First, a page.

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Half term trips: The National Museum of Scotland


Last week me mum, dad, Harry and Sam all went to the new National Museum of Scotland which is in Edinburgh. It isn't really a new museum but they closed it for years to move things about. It reopened about two months ago and now it's even better.

The picture above is of the big natural history gallery. They have moved all the animals around and mixed them all up. Here are some of the things that I saw when I visited.

 To get into the Natural History gallery you have to walk through a big hall, and past a skeleton of a Giant Irish Elk. I haven't put a picture of it up because I wrote about it when I was at the Ulster Museum in Belfast, and Kelvingrove Museum in Glasgow has one too. Every museum seems to have one. It must be the law. Anyway, when you go in the gallery, the first thing you see is this huge Tyrannosaurus Rex skeleton over you which is really cool.

 Further on there was this big crocodile skull and behind it you can the legs of a Megatherium Americanum which is a type of huge ground sloth which I wrote about when I was at the museum in Paris in June.

 This lion pride was pretty cool.

 In the old museum they used to put the same animals together, but in the new museum they mix the animals up. This is a tiger, a red kangaroo and a sika deer and this display is showing how fast they all run. That is good if are new to animals but bad if you are trying to find a particular animal. 

 This is a display of animal skulls that shows what their teeth are like. The skulls are a tiger, human, anteater, walrus, horse and crab-eating seal. It said the tigers teeth were like a steak knife, to dig into meat, and the human was like a Swiss army knife because it eat all kind of things.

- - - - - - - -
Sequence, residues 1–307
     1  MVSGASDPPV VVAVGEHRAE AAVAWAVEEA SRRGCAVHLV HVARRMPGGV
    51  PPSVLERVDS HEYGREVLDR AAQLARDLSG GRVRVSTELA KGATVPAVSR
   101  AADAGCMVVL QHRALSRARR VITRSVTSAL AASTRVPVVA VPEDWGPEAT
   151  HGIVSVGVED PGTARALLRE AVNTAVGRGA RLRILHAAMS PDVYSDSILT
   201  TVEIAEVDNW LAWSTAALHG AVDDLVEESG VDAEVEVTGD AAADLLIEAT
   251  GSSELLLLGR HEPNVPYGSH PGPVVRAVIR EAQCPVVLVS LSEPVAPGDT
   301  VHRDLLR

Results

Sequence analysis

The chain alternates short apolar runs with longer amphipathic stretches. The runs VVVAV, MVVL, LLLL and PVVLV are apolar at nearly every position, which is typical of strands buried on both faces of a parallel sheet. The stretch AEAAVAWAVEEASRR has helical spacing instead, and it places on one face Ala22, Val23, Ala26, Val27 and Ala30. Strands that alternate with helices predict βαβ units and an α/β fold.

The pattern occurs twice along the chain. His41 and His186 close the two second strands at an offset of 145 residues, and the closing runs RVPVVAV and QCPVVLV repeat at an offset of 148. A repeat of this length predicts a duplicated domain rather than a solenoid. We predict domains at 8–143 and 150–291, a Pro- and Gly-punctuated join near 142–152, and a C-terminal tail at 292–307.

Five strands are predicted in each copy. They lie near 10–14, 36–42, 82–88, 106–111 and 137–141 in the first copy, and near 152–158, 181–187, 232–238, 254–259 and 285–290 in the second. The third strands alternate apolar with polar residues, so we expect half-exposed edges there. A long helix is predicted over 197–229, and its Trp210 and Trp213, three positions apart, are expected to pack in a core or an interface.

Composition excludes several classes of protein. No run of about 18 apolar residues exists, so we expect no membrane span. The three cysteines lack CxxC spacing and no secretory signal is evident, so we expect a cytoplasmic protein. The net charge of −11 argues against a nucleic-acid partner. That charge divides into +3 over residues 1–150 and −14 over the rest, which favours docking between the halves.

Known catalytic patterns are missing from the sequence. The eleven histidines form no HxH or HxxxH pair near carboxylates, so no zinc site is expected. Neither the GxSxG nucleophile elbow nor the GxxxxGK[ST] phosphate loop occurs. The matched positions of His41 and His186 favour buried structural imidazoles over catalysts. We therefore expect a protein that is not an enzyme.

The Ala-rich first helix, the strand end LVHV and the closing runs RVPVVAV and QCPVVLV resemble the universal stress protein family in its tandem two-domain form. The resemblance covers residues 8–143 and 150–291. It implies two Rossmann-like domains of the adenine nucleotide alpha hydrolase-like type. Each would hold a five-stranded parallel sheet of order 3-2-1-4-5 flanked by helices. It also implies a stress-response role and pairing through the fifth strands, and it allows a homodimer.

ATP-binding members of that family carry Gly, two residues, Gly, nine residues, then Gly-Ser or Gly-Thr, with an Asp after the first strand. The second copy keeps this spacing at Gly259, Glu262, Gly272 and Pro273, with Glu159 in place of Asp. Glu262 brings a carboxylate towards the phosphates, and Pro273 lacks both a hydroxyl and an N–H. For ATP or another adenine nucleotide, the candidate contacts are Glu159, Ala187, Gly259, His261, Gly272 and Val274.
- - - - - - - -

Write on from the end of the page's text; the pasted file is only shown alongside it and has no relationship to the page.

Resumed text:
The displays were aimed at people who don't know about bones, but sometimes there was interesting stuff like this.

 There is an island in Scotland called Rum which is important to deer scientists because it had red deer, and they can't move off the island, so you can watch the same deer for years and years. Here are a collection of antlers gathered from the island. They are far cooler than my antlers.

 There was a display on how lots of types of animals all grew massive canine teeth, even though they weren't related, because they found the teeth were useful to stay alive and catch food. All the animals are called sabre-toothed. This is a marsupial called Thylacosmilus atrox.

 This is almost the same, but it is a sabre-tooth nimravid called Hoplophoneus primaevus.

 This is the one every remembers as a sabre-toothed tiger, but it's not a tiger it's a sabre-toothed cat called smilodon fatalis. There was one of these at the museum in Paris too.

 Elephant teeth are very unusual. New teeth grow at the back and get pushed forward to the front. When the front ones wear out, the ones behind take their place. This is a fairly bonkers way of having teeth,

 Higher up in the gallery you could see the skeletons above. This is a Stellers Sea Cow.

 In the kids discovery zone there was a whole Stegosaurus skeleton, which was a pretty cool place to put it. It even had the bit of armour over its neck.

 This is a crushed ancient reptile skull, but I am not sure what type.

 This is the first polar bear skull found in Scotland. It is 22,000 years old, which is about as old as Mrs McPhee.

 This is a ringed seal skeleton found in Scotland. They normally live in the Arctic so this shows that Scotland used to be a lot colder than what it is now.

 This shows out of ancient people made tools out of bones, especially metatarsals and metacarpals.

 This is a sculpture of whale bones made by an artist called Andy Goldsworthy.

I would give the museum ten out of ten and I hope to go back some other time. I was hoping to find a clouded leopard skull so I could compare with one of my skulls, but I didn't find it. I even emailed the museum before I went but they didn't reply. But apart from that it is really good.

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Psydrache said...

Oooohh, thats a REAL cool museum! When I'm in Scotland again, I have to visit it instead of old castles, haha ^^
If you are in Switzerland one time, you have to visit the museum in Bern or in Basel, they are maybe not that big, but the one in Bern is a little jewel.

Jake said...

Cool ! Thanks for the tip ! The best bone museum I have been to in Scotland is the D'Arcy Thompson Zoology Museum in Dundee. It is tiny but amazing !

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